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Eleonora's Experience: The Community-House of Parma

Updated: Jun 9

 In this #Diaview we head to Parma, Italy to connect with Eleonora Martellenghi. At 24 years old, and living with Type 1 diabetes for the past 11 years, Eleonora has become a leader in supporting others with the condition through her involvement with her regional diabetes association, AGD Parma.


Her journey with AGD Parma began by supporting summer camps, and she now heads their youth group. AGD Parma’s main goal is to promote awareness of Type 1 diabetes for early diagnosis and to provide efficient diabetes education for families and young people.

“In the initial months after my diagnosis, I had a positive experience, at least in finding early motivation to deal with feeling so unwell. However, after a year or so, I started to gain weight and this led to me refusing my medical treatment. My body had changed a lot since I started taking insulin – and I no longer felt that I recognised myself. So, I had completely stopped taking care of myself, without considering the consequences.


Things started to improve for me in time, when I started volunteering to support children and teenagers with the same condition. I felt useful, that I had a purpose.”


As a young adult yourself, what can you share about the challenges of balancing life and this condition for those in this transitional age group?  


“As a young adult with diabetes, I’ve faced various challenges from managing blood sugar levels amidst a busy schedule to dealing with the emotional impact of the condition. However, I’ve learned to adapt by prioritising self-care, seeking support from the diabetes community, and taking care of my mental health. My message to other young adults is to never limit yourself; to take on that flight, attend that event, to go to that trip; to seize every opportunity that comes your way to not be afraid to fully embrace life. 


Taking the opportunities life has presented me with hasn’t been easy at all, especially considering the anxiety I’ve been experiencing for the past few years, but it has been crucial for managing both my diabetes and my well-being. So don’t be afraid and trust the process.”


Can you share an insight into how the health system in diabetes care operates for you over in Italy?


“We have a free health system in Italy, which generally provides good care in diabetes. There is access to specialists and medication. However, there are areas that could be improved. It is necessary to have more uniformity across the entire national territory because there are regions with easier access to the best treatments or more recent advances, while other areas can’t afford them.


Additionally, more emphasis on psychological support and mental health services for those living with diabetes would be beneficial.”

What would you share to others today who have recently been diagnosed, from your experience of adjusting to life with type 1 diabetes?


“I want to say, don’t lose hope. I know how scary it can seem at first, but with time, support and working on yourself, you’ll learn to manage diabetes and live a full life. Seek support from the diabetes community, and don’t hesitate to ask for help when you need it. Remember, you’re not alone. There are resources and people willing to help you along the way.”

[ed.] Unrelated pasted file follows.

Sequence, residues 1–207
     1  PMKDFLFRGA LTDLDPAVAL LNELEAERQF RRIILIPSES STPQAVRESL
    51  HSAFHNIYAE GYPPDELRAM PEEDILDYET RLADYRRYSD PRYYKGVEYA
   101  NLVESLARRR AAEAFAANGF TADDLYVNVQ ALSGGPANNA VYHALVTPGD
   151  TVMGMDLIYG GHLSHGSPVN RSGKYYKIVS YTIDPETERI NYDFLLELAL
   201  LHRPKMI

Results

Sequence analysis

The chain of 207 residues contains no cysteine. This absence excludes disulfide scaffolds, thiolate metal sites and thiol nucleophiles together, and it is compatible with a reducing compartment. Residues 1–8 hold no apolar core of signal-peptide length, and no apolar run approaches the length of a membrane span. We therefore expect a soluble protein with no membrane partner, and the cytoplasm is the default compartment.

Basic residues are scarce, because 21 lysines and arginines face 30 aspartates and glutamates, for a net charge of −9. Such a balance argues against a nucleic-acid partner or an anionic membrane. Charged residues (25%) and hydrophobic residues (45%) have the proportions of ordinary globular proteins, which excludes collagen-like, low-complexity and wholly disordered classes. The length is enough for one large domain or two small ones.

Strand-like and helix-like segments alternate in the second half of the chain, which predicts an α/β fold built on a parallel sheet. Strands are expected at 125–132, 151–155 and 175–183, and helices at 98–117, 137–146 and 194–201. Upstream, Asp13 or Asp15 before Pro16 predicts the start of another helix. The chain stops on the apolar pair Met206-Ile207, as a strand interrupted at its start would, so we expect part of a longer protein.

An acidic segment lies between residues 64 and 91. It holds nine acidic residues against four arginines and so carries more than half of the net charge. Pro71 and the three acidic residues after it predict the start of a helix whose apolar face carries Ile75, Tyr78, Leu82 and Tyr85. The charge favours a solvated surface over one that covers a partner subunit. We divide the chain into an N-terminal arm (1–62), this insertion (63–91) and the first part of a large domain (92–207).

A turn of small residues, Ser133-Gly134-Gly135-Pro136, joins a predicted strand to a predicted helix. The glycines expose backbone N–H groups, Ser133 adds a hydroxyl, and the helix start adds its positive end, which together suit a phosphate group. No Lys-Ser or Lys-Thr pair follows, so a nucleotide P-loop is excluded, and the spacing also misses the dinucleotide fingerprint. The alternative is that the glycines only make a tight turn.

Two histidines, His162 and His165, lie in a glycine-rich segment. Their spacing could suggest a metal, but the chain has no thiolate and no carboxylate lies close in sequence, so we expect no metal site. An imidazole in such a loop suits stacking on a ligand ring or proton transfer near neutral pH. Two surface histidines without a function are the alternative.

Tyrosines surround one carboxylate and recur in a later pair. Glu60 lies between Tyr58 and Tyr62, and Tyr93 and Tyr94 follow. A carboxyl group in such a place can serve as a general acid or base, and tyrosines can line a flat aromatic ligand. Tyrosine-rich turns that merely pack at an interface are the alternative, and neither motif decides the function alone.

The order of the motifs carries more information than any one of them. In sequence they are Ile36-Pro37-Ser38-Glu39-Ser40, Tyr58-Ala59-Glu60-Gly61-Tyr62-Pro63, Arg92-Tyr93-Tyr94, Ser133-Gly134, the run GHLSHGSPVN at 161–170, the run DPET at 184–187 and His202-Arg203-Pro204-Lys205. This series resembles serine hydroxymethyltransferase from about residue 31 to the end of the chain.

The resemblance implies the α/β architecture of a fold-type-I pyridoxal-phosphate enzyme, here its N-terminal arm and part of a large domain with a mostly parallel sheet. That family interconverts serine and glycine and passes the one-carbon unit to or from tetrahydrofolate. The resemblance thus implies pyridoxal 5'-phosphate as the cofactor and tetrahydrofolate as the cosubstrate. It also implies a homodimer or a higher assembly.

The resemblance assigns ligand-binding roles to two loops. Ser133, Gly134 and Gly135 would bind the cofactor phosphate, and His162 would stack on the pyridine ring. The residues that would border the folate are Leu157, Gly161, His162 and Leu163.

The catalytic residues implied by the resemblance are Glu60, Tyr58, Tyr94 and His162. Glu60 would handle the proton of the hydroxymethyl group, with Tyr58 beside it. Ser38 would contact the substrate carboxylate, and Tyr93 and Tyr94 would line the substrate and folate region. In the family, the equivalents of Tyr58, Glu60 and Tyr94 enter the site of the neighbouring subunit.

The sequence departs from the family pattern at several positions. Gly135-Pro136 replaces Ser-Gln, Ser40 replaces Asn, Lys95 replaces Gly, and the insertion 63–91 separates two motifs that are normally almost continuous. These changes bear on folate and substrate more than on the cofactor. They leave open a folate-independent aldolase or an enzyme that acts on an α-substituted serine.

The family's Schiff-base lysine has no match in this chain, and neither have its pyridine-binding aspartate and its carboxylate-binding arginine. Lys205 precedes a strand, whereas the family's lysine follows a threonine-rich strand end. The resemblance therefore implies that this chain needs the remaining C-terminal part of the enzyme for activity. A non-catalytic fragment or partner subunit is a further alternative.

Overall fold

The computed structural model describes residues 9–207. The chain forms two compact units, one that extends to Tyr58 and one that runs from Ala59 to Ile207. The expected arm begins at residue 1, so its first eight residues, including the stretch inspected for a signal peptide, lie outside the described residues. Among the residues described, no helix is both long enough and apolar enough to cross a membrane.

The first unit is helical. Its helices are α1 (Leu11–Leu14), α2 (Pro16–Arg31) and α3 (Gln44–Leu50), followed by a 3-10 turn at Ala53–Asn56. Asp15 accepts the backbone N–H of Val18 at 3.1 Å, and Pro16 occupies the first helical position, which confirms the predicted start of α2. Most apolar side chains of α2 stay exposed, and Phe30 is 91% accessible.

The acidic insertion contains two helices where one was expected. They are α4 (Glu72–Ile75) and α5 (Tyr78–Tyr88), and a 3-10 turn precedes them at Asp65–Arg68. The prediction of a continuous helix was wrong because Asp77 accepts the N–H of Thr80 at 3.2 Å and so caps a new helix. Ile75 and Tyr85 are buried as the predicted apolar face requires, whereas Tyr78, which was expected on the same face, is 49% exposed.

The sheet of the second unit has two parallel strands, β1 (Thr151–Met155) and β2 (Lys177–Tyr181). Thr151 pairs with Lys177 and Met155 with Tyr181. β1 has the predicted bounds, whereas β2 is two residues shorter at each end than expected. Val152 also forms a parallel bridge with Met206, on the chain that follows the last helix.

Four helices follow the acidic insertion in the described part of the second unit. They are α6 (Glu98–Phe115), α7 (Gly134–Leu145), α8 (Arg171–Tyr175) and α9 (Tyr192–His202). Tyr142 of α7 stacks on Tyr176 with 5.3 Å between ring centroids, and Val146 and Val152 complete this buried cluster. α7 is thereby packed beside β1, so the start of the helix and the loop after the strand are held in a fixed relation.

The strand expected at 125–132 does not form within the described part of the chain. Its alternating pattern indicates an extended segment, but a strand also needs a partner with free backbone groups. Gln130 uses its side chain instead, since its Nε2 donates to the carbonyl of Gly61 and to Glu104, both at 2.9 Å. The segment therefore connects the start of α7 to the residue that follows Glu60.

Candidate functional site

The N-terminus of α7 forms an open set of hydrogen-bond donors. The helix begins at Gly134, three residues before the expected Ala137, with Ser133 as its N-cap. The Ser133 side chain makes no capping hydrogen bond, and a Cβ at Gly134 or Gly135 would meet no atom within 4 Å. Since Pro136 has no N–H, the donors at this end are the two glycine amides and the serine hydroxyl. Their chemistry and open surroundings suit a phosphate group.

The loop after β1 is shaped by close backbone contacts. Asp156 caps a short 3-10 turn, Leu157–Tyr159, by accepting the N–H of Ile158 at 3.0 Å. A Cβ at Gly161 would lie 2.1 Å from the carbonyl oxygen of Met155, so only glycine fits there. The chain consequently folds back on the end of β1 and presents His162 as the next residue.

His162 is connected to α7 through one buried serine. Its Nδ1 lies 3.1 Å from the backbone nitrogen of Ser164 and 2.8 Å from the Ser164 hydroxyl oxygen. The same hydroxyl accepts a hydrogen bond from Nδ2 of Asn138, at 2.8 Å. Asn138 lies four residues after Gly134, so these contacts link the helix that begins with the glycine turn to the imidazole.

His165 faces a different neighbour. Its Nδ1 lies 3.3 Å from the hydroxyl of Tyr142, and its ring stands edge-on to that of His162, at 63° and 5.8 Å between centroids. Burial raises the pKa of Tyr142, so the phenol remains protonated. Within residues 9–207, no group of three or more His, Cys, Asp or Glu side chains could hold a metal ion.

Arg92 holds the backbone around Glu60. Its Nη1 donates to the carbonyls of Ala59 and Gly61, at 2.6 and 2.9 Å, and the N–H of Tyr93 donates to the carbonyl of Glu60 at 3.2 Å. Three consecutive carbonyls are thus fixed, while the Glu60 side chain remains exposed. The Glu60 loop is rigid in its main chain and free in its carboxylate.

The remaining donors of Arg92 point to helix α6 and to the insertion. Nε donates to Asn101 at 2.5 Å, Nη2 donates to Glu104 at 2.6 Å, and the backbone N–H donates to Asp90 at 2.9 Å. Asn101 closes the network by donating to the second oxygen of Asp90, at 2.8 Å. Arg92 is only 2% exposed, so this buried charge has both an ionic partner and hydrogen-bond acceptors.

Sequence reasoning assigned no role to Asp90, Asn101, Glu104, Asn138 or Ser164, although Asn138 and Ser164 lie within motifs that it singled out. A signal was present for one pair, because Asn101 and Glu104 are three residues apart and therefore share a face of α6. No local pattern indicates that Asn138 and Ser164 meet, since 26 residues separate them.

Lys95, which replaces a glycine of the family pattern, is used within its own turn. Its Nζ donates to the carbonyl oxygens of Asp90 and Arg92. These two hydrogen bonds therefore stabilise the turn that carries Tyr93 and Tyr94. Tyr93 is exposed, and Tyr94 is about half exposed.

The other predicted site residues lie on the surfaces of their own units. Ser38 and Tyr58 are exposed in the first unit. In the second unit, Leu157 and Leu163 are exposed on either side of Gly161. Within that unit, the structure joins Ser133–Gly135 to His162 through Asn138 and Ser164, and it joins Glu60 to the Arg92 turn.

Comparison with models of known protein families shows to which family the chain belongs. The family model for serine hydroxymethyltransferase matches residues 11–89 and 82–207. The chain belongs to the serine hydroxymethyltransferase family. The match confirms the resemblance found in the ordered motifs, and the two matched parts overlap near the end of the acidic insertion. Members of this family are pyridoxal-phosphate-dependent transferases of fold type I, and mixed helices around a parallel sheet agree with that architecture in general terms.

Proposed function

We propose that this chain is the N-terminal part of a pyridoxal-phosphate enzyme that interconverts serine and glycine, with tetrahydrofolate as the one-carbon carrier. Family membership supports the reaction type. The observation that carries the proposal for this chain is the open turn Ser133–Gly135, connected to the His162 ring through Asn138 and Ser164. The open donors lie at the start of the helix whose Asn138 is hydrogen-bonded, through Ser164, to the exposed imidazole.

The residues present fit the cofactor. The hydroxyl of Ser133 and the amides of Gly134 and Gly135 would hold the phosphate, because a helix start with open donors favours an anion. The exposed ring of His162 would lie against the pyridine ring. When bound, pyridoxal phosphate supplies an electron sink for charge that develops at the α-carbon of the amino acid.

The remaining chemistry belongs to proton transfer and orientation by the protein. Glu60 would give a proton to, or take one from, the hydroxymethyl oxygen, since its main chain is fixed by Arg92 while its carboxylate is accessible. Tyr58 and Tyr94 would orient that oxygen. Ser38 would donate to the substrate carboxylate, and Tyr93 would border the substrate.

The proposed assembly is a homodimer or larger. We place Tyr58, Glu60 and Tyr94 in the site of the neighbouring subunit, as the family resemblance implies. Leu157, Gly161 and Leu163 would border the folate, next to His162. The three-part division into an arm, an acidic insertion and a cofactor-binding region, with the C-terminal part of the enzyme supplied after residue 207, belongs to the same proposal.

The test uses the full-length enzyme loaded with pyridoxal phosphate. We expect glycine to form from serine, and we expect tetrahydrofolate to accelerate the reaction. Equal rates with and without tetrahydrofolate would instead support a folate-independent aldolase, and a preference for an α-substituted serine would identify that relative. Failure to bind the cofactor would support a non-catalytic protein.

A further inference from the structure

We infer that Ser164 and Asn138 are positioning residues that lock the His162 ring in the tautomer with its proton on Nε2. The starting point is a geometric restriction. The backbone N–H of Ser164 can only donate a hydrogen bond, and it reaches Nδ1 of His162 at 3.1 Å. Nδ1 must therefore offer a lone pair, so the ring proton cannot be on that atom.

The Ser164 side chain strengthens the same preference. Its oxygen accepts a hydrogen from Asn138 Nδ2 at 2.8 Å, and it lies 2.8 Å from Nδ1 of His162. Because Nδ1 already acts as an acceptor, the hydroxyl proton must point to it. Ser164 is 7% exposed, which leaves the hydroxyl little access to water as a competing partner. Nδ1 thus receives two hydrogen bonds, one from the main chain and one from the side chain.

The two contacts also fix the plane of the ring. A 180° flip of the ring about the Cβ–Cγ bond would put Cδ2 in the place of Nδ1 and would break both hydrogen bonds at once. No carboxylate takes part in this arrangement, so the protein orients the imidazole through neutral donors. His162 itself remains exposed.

What motivates you to engage so passionately to support AGD Parma? 


“What motivates me to passionately support AGD Parma is the opportunity to make a meaningful difference in the lives of those affected by diabetes. Being able to contribute to awareness, education, and support for individuals and families dealing with this condition drives my dedication to the cause. Additionally, it's personally significant for me in terms of accepting my own type 1 diabetes condition. To see people go through the same challenges I may have faced, or will face, and to be able to offer for them some advice and support, gives me strength. Seeing the positive impact of our efforts and the difference it makes in people’s lives inspires me to continue my involvement with AGD Parma.”

What kind of events do AGD Parma host?


“AGD Parma organises various events aimed at raising awareness, providing education, and fostering support for individuals with type 1 diabetes and their families.


A fond memory for me was this year at the adolescent camp, where teenagers aged 15 to 18 gathered. I had the opportunity to share some key moments of my life as a type 1 diabetic, my ups and downs, and how I faced them. I poured my heart out. It was incredibly rewarding to connect with others who understood and to offer them guidance based on my experiences.”


What comes next for you and AGD Parma?


One of the upcoming events for AGD Parma will be the grand celebration of its 40th anniversary. A significant conference is organized for November 30th, focusing on RESEARCH and TECHNOLOGY, and the relationship between SOCIAL MEDIA and ASSOCIATIONS, which we believe is a combination that needs to be strengthened.

The conference, the celebration of AGD PARMA’s 40th anniversary, will take place without neglecting other support activities for young people with diabetes and their families. In June, there will be a health education camp for children aged 9 to 13, in September, a camp for adolescents aged 15 to 18, and in December, the usual St. Lucia party and Christmas greetings.


Unfortunately, I won't be able to attend this event physically as I've decided to participate in the Erasmus programme, and will be spending a semester in Belgium (a very big challenge I decided to face). However, this won't stop me from continuing to volunteer as much as possible remotely for AGD Parma, because it is a very important part of my life.”



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